For example, in 2022, the income requirements across different Mexican consulates were between USD $1725/month – USD $2700/month. A BIG variance between consulates. Which is why you’ll sometimes hear people talk about Consulate shopping- which means looking for the Mexican consulate that best fits your specific financials/ or situation.

            Residency Visas in Mexico are not so black and white. Which is why we highly recommend hiring professionals that can guide you. We’ve seen wayyyy too many people attempt at doing it on their own and make a lot of mistakes because the consulates don’t do a good job of posting things like “you’ll need this document apostilled” or “you need to live in this state and city” or “your bank statements need to be signed by the bank” and the list goes on and on.

  10. Dedrick says

    Hola Mariana:
    Wondering if I’m reading your blue relocation chart correctly regarding financial requirements for a temporary resident visa: a monthly income of 2600.00 or savings of 43,000.00. My monthly income from Social Security is below the threshold at 1600.00, but I do have the required savings. Is it an either/or situation that would allow me to qualify with my savings, even if my monthly income is lower?
    Thanks for all your invaluable help!

    • Mariana Lange says

      Hi there 🙂 Yes it is an either or – you only need to prove one not both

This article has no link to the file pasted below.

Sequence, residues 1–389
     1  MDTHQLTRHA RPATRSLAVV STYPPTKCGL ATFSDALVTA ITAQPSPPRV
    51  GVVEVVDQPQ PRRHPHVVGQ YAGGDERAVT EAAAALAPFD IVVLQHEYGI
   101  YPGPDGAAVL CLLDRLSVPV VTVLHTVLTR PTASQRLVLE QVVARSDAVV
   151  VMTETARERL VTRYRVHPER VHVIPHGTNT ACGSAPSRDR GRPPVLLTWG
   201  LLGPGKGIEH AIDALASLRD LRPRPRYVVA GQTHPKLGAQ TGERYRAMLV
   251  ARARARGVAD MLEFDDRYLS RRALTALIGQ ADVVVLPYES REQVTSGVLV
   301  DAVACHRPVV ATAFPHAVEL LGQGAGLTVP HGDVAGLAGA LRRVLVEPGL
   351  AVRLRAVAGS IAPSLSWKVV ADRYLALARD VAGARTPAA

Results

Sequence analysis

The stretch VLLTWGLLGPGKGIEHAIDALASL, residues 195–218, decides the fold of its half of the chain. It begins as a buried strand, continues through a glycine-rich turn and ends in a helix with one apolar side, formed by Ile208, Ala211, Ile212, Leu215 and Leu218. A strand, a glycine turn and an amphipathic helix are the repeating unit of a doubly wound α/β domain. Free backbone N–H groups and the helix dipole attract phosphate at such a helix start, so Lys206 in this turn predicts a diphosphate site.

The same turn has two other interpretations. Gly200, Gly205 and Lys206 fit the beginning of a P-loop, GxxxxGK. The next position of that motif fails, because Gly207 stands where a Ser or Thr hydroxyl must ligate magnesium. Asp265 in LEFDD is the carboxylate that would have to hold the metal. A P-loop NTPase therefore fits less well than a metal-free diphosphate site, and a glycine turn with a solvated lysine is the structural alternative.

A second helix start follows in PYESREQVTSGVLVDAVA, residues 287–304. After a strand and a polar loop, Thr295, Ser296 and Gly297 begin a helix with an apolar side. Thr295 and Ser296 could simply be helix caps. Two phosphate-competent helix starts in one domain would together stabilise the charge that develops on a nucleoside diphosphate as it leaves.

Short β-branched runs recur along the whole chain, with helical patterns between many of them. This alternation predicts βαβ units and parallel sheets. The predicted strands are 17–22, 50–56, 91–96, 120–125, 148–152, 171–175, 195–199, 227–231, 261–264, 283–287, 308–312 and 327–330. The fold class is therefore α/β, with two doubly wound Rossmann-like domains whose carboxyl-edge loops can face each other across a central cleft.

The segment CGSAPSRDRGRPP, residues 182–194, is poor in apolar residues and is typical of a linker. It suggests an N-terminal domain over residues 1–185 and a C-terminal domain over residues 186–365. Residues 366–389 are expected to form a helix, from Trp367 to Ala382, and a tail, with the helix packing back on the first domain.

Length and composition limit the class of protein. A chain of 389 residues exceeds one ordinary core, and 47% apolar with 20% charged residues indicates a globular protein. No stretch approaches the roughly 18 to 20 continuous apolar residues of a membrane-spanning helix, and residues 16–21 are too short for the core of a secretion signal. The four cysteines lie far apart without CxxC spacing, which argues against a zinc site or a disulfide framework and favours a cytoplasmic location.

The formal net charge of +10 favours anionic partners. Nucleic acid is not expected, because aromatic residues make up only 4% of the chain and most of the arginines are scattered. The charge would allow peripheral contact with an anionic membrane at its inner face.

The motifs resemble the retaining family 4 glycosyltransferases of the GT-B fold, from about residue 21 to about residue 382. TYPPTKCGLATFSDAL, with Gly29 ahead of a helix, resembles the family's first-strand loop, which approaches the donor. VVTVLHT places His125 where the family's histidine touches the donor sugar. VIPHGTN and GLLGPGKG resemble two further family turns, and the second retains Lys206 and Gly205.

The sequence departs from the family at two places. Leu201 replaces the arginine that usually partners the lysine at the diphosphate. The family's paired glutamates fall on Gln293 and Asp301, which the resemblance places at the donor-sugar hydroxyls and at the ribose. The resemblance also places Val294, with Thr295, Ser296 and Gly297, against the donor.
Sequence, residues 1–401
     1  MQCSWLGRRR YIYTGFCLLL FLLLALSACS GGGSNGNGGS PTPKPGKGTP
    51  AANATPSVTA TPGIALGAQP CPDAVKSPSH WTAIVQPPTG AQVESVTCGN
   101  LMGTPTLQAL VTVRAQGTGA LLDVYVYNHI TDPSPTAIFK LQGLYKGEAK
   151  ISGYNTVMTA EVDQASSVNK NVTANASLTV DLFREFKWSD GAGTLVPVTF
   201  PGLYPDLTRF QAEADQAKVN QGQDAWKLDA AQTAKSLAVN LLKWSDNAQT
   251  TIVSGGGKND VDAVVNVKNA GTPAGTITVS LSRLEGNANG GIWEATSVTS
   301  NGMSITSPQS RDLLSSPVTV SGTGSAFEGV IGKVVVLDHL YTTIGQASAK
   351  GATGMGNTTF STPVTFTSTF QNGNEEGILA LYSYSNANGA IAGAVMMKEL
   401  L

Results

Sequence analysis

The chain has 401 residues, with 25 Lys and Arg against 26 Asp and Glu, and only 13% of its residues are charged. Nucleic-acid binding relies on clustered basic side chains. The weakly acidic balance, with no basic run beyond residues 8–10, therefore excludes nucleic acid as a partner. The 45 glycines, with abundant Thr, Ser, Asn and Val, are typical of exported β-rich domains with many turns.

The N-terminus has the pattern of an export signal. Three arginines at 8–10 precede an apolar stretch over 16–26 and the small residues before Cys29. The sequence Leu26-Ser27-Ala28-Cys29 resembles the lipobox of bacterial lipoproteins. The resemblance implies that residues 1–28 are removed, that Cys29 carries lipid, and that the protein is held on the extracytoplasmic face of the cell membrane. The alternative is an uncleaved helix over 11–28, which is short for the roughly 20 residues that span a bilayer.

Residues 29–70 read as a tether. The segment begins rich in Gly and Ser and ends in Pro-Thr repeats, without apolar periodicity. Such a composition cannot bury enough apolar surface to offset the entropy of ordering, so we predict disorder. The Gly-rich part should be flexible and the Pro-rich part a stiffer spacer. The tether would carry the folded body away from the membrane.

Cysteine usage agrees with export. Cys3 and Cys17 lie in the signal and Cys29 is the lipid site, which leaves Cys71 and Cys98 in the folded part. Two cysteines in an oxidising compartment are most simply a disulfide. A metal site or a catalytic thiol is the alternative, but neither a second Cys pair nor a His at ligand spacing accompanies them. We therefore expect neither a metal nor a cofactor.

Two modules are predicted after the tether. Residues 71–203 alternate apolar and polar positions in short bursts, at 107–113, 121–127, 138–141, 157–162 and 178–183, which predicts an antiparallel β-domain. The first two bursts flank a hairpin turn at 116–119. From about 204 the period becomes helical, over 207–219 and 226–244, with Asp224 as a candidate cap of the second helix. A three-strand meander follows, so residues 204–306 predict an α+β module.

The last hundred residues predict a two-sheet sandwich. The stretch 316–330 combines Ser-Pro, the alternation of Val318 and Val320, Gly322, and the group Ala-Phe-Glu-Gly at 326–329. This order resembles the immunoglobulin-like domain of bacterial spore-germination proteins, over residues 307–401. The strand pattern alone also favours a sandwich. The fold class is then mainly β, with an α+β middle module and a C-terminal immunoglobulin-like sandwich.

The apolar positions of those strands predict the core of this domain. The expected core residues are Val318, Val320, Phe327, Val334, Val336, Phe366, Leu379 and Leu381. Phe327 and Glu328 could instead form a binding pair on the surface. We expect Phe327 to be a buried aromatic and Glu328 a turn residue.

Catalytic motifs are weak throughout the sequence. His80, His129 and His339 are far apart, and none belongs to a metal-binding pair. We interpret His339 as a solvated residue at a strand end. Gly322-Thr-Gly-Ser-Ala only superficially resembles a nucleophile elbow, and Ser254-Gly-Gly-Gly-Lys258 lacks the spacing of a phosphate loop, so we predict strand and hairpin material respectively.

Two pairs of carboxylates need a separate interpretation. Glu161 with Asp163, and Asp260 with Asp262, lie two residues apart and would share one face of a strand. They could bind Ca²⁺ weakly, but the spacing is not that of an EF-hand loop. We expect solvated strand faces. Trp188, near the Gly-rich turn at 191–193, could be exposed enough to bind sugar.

11. Stephen Munch says

    My wife is a Mexican Citizen,Estado de Mexico. I had a Fm2 for many years because I was a consultant in Tijuana at the time. Here is my question. How can I get a Mexican passport if I after I receive a permanent residency ? Do I need a US pass port for permanent residency? We qualify with income. We’ve also been married 32 years. Thank you.

    • Tom Johnstone says

      What are the benefits and differences between a temporary and permanent residency when at the moment we can come down for the 6 months already

  12. Tim says

    Re someone’s comment above, the amount isn’t meant to be what it takes for a foreign person moving to Mexico to just survive there, it is the number they want you to earn so you will contribute to the economy and not be a burden on their social services. Therefore 10x the minimum wage makes sense and Mariana’s math is correct. They want people bringing foreign currency to spend on local businesses not arriving with the bare minimum to survive.

    At least that is how I read the situation.

  13. John Vandenberg says

    So for a couple, the sum required in the new year is likely to be around $3000 each, or $6000? Or savings of about $100k?

    • Mariana Lange says

      It depends on which consulate you apply with. Some consulates will require each person to qualify individually – so yes each one of you would have to make $3000 USD each. But a lot of consulates ask that the spouse have only an additional $1000 USD a month to qualify for temporary. But even if only one of you qualifies, there is nothing to worry about. Because when you get to Mexico and after you have received your residency card, you can petition for your spouse without having to prove additional income.

  14. MLV says

    Mariana; I don’t see in any of your discussion of HOW LONG A TEMPORARY VISA lasts? Can you give more details please? Thanks, V

    • Mariana Lange says

      Hi there
      It’s discussed in several of my website blog posts and in all my livestreams. 🙂
      A temporary residency can be renewed for up to 4 years. After which you either have to become a permanent resident or start the residency process for temporary all over again outside of Mexico

  15. James Johnson says

    I work remotely and earn $108k usd annually. How comfortable could me, my wife, and small fog live in a city like Merida?

    • Mariana Lange says

      That’s far more than most Mexican families make. But it all depends on your lifestyle